Another play, another end of term. But don’t fret, folks, because I haven’t graduated yet.
These days it’s hard to predict if any other movie will be successfully released alongside the upcoming Spider-Man: No Way Home, Detective Comics – better known as DC – movies or new and cool ensemble features as big budget movies get even bigger become marketing budgets.
It’s unfortunate that many films either slip under the radar or fail to find an audience because it’s becoming increasingly difficult to succeed in the film business. But that’s life, and more than that, that’s Hollywood. Within this landscape exists a genre of films called “sleeper films” – typically great films in the cinema or on the market that generally go unnoticed by the general public.
For 2021, look no further than Ilya Naishuller’s Nobody.
Directed by Naishuller and written by Derek Kolstad, the man behind the John Wick series, Nobody tells the story of Hutch Mansell, played by Bob Odenkirk. Mansell is a suburban father and husband who leads a minimalist life. But that all changes one night when a home invasion goes awry, setting Mansell on a citywide revenge plan that reveals his true self.
From the start it’s incredibly entertaining to watch a man like Odenkirk embark on a quest for action-packed revenge and ignite a kind of hidden passion for getting revenge on another. Such a thing is done with great care though, because overloaded action is never a good thing.
Nobody evolves into a relatively mild dark family comedy as we are drawn into the lives of Mansell and his wife and two children and their everyday lives, simple hobbies and lack of love within their family. It is perfectly prepared for an outside event, or better yet, an outside threat that will push the worldly family to the brink of resilience. A careful structure, combined with an even more careful plot trick, prepares the viewer for the journey that follows.
It might sound odd to praise a movie’s handling of action and stunts, but it’s so easy to screw things up or turn to CGI because gripping action makes for good entertainment.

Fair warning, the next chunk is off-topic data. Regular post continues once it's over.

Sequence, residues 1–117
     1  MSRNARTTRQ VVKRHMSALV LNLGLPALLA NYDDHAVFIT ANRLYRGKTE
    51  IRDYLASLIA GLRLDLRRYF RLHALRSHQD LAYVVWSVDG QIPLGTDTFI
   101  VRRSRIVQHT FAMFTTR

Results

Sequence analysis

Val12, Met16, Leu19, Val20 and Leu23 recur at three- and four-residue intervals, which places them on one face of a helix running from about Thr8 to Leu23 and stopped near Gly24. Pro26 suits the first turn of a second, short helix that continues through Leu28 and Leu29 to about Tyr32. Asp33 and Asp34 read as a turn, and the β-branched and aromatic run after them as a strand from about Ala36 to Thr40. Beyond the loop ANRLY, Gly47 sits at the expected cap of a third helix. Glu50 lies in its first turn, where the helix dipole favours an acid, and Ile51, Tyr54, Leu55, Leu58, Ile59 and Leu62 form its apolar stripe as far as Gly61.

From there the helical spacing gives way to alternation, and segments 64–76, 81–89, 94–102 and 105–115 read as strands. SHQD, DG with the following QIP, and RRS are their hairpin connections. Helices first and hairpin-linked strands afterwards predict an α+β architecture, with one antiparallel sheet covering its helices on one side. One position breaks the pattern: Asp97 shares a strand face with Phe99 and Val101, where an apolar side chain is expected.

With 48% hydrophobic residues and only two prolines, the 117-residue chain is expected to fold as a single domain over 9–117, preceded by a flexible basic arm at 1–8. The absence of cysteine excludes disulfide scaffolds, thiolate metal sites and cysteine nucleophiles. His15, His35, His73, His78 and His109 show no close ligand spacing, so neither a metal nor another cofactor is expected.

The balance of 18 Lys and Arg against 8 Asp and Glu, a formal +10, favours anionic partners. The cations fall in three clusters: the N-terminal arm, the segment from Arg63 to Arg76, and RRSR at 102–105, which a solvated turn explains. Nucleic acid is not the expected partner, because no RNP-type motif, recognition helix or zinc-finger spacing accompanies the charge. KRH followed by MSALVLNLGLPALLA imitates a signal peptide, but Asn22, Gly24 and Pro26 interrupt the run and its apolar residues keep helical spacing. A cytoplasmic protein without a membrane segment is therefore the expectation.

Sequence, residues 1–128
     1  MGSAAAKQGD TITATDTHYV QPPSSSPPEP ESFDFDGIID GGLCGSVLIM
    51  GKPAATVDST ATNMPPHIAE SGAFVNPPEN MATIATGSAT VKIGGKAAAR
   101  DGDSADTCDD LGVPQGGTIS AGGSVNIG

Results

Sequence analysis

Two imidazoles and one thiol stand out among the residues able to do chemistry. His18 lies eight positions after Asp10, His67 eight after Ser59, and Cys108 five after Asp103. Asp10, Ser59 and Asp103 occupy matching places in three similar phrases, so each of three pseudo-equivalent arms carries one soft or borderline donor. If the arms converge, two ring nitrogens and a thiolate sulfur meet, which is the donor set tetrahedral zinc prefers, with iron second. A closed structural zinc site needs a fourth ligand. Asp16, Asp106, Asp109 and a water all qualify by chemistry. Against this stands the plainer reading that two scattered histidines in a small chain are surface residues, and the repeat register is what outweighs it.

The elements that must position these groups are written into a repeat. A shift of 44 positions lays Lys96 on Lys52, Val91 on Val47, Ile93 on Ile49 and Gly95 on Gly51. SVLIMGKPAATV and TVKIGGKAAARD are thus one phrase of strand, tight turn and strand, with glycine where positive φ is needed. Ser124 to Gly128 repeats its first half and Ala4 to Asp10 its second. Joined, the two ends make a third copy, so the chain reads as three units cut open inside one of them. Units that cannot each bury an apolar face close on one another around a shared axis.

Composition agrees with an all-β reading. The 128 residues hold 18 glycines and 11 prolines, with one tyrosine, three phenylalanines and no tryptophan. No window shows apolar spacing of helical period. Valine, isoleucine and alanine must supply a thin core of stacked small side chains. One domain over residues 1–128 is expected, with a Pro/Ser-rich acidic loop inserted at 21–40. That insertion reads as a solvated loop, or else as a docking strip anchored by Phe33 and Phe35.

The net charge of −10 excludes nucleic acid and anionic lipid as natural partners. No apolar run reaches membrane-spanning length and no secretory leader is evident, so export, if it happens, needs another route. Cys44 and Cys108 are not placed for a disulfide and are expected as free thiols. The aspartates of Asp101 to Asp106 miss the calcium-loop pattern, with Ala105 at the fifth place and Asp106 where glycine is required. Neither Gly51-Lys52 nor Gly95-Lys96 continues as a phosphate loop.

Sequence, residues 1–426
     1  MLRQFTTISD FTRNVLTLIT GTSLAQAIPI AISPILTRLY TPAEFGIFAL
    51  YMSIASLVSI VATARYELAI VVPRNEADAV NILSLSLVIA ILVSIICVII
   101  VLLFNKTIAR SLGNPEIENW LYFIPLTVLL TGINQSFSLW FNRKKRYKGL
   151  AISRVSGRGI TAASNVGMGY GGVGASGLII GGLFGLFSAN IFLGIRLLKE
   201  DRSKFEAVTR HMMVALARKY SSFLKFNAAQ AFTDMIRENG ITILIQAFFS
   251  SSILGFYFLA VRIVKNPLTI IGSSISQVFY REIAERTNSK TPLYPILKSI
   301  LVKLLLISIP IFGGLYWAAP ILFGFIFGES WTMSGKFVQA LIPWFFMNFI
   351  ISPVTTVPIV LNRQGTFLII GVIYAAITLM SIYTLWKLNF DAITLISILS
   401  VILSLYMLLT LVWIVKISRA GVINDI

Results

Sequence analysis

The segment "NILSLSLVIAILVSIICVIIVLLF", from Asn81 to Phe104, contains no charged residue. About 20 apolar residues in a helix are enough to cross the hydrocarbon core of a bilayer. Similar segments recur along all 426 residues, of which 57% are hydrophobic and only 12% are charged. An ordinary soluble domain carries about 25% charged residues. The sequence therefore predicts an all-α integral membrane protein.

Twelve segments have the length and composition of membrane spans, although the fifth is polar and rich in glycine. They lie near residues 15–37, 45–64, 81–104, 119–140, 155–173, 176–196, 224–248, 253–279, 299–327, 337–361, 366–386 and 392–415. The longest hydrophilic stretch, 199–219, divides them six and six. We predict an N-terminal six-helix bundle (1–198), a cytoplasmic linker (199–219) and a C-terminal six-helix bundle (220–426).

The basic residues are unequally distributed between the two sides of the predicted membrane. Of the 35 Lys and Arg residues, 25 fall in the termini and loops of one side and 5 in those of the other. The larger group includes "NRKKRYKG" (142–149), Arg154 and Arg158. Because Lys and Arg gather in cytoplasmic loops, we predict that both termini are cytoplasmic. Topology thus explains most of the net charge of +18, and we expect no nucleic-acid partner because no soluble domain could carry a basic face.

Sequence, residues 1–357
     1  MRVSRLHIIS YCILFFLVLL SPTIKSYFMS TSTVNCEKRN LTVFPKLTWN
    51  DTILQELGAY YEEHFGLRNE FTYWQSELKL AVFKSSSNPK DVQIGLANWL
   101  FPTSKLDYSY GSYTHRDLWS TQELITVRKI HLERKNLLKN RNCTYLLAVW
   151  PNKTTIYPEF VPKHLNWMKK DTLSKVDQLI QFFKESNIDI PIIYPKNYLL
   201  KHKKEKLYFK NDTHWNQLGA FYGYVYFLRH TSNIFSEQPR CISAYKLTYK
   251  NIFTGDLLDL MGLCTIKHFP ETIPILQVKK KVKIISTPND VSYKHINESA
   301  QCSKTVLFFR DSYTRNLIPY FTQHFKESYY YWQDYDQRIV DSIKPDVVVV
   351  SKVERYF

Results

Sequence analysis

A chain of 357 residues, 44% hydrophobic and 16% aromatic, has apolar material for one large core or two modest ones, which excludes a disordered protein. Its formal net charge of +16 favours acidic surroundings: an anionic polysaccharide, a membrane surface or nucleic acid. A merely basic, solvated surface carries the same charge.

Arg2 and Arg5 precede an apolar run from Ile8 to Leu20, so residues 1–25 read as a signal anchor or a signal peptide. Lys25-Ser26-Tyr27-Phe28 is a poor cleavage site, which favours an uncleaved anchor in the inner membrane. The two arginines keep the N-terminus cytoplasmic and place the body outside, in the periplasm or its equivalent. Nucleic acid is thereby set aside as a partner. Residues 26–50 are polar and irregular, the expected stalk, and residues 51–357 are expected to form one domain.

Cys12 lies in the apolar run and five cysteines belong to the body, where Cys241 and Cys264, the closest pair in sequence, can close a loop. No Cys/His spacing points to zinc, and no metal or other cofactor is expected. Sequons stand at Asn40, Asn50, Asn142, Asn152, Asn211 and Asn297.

But do we always have to look beyond entertainment? Action films succeed in delivering high-quality action scenes in which the viewer feels part of the action and is also at risk. Nobody does this exceptionally well, with segments weaving together to not only advance the plot but actually build the character of the film and also the character of Mansell – as he too seems to be part of this frantic ride just like us.
It’s exciting to see a suburban dad running around town using whatever means necessary to make things right, even more so when some cases involve comedic set pieces. That’s perhaps the most interesting aspect of the film – as it’s relatively funny for a film with a fairly dark and somber tone.
It’s difficult to successfully introduce comedy with a darker film, as it can almost seem like an easy way to distract audiences from the substance of the film. However, Naishuller and Kolstad are brilliant in their way of allowing action to rise and settle, and then highlight the comedy of the situations. After all, a suburban dad trying to go out and beat up people is sitcom at its simplest.
Leaving the substance aside for a moment, it’s important to mention how beautifully shot the film is. With Pawel Pogorzelski on board, the cinematographer behind Ari Aster’s hits “Midsommar” and “Hereditary,” there are no bad shots on “Nobody.” Scenes are not only developed for the action, but also for the camera – a symbiotic relationship between stunt and film where the camera plays supreme as the seeing eye.
Pogorzelski is rather innovative with his work, as the bus scene in the film serves as proof – a fantastic scene that’s one of the best choreographed action sequences I’ve seen in a long time – that at the end of it all, “nobody” is nothing less as exceptional.
A unique and captivating slice of action and thrill, Nobody succeeds on so many levels. It’s just a shame it went so under the radar.